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CREATE

Have you noticed in the past few years how “food sharing” has gotten attention from the world? The value of maintaining reciprocity in social relations and to create a feeling of community is something we are seeking more and more. Creating a tableware with a rich variety in forms, sizes, and colors is a strength in the Japanese culture.

In fact, the Japanese have perfected table setting manners into an art form that many believe is more important to this culture than the food itself. It is a lovely thought to think about creating a beautiful, elegant atmosphere in which to dine.

photo credit: Pinterest

The presentation is essential. Carefully selected bowls and dishes create a harmony between the ingredients, the meal, and the plates themselves. The Japanese do not have “matching sets of dishes” like Europeans tend to possess. Rather, the serving dishes are assembled like a modernist abstract painting for each feast setting. A variety of dish materials is used in one place setting, such as;

  • Bamboo
  • Cedar
  • Metal
  • Glass
  • Ceramics

So let’s put ourselves into the creative mode for your next dinner party, shall we? Here is what you will need:

  1. Japanese tea. You’ve probably heard of matcha before but I’d suggest Sakuraya. It’s made by infusing cherry blossom in hot water which gives a more unique and creative look to it. Always place on your top left.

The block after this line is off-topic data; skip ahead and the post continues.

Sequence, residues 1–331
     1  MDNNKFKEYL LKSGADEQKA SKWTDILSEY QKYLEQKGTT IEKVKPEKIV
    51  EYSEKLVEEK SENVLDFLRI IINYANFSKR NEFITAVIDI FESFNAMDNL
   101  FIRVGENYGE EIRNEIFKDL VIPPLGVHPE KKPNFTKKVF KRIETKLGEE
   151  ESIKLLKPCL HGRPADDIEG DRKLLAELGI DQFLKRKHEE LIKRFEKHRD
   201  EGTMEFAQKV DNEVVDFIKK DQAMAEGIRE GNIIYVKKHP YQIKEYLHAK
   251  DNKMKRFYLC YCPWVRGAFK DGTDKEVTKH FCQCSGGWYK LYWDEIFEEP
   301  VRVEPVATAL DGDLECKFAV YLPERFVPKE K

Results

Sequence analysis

2. Japanese rice is a very particular variety. For traditional Japanese dishes you simply cannot substitute it with any other rice varieties like long-grain rice, jasmine rice, basmati rice, Carolina type rice, etc. Always served in a bowl and placed on the left side.
  3. Japanese miso soup or bone broth. Always place the soup on the right side.
  4. Japanese main dish is fish or meat.  Seafood is predominant, often grilled, but also served raw as sashimi or in sushi. Also, with yakitori (grilled chicken), yakiniku(Korean barbeque), gyudon (beef bowl).
  5. Japanese steamed vegetables like bamboo shoots, edamame, yam, nasu (japanese eggplant). Served in a ceramic plate and always behind the soup.